On Sunday, June 12, 2016, many Floridians woke up to news that nearly 50 nightclub attendees in Orlando had been shot and killed at the hand of a deranged gunman who was reportedly targeting them because of their sexual orientation or gender identity. For the LGBT community and its allies, the sudden loss of so many friends and loved ones was a reminder that they could still be targets for who they are, even in places that are supposed serve as shelters from (still) all-too-common bigotry and intolerance.
Monday marks the one-year anniversary of that devastating day, and advocates are attending rallies across the country, including in the Tampa Bay area, where a commemorative event is slated for Monday evening in Ybor City. Also on Monday, Equality Florida director Nadine Smith is headlining a discussion of LGBT rights in Gulfport, where Pulse will likely be on everyone's minds.
“One year after this horrific event only confirms my words following last year’s tragedy, ‘Orlando is a strong and resilient community’ and has joined together to overcome this immeasurable loss,” said Tampa Mayor Bob Buckhorn in a prepared statement. “Tampa stands united with Orlando and will remain steadfast partners to combat hate of any sort. Love will always be more powerful than hate.”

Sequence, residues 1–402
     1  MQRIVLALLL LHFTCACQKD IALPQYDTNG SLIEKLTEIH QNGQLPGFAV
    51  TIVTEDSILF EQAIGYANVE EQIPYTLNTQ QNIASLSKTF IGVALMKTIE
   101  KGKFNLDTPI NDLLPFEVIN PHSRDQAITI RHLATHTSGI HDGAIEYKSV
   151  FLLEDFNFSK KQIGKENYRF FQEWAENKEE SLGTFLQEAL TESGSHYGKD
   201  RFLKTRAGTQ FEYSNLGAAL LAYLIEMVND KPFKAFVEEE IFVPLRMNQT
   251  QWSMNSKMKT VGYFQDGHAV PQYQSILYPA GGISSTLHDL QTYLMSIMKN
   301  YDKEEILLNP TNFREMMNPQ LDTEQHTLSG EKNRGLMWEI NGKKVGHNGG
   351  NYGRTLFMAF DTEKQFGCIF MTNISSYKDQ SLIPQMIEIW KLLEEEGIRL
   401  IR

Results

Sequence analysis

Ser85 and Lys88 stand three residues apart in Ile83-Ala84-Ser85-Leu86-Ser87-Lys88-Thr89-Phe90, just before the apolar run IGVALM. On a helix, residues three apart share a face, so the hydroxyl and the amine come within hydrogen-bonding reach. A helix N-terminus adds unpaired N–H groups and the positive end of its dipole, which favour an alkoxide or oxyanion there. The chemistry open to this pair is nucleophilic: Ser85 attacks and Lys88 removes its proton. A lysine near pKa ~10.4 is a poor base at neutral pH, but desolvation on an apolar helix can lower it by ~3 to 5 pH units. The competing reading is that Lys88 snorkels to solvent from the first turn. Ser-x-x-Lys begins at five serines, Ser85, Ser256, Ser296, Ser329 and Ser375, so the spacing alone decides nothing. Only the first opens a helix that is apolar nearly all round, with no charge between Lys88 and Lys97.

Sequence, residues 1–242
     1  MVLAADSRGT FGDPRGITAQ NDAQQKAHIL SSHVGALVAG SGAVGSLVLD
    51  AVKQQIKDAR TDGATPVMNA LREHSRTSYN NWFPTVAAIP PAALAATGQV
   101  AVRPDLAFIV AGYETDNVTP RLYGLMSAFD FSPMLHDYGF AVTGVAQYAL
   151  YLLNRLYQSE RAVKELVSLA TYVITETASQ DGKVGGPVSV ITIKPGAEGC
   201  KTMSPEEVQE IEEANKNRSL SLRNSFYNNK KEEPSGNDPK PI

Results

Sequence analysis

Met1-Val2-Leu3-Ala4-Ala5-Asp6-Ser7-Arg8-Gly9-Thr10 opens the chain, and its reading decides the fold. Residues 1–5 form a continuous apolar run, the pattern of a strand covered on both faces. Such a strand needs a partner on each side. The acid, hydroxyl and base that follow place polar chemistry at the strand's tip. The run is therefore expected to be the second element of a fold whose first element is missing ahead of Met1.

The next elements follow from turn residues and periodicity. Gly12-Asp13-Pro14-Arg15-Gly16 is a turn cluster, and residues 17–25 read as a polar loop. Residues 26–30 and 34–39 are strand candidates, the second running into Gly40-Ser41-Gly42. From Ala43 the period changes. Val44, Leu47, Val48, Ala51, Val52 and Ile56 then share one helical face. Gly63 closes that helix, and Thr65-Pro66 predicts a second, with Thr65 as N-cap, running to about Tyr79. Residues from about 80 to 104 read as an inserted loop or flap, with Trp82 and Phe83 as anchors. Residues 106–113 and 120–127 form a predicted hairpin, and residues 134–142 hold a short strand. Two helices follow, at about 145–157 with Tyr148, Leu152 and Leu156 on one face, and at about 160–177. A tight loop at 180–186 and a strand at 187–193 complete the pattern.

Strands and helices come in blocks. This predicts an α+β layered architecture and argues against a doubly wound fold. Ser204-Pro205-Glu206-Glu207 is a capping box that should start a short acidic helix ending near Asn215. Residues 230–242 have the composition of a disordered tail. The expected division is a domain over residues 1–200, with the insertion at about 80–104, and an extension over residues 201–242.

Buckhorn also released a video showing his support on social media and donated blood on Monday morning.
Florida Governor Rick Scott, meanwhile, ordered flags across the state to be flown at half staff Monday as well as a moment of silence at 9 a.m., though in a tweet he referred to the massacre as a terrorist attack rather than a hate crime.
In the past year, even as the overwhelming majority of Americans have shown support for gays, lesbians, bisexuals and transgendered individuals, they still face ostracization and even violence simply for being who they are, and many have been the target of hate crimes. There is speculation that the election of Donald Trump has emboldened haters. In St. Petersburg's high-end Old Northeast neighborhood, a resident has been displaying signs with bigoted messages, including homophobic ones, in his front yard.
Some activists say the Pulse anniversary should also serve as a moment for Americans to reflect on gun culture.
“It was one year ago that we heard the tragic and unbelievable news: 49 people were murdered in a violent, hate-filled, mass shooting at an LGBT nightclub in Orlando. Almost exactly a year earlier, parishioners were targeted at a historic African-American Church in Charleston. In the days that followed, we heard stories of courage, bravery and resolve. But mostly, there was unspeakable pain. Pain that will never fully go away," said former Congresswoman Gabrielle Giffords, a Democrat who herself was a victim of a mass shooting in her Arizona district. “As a nation, we can and must do better. It’s time for us to come together, heal our nation’s divisions and restore the bonds that tie all of us together. And it’s time for our nation’s leaders in Washington to come together, put politics and partisanship aside, and take responsible steps to prevent the next hate-filled tragedy."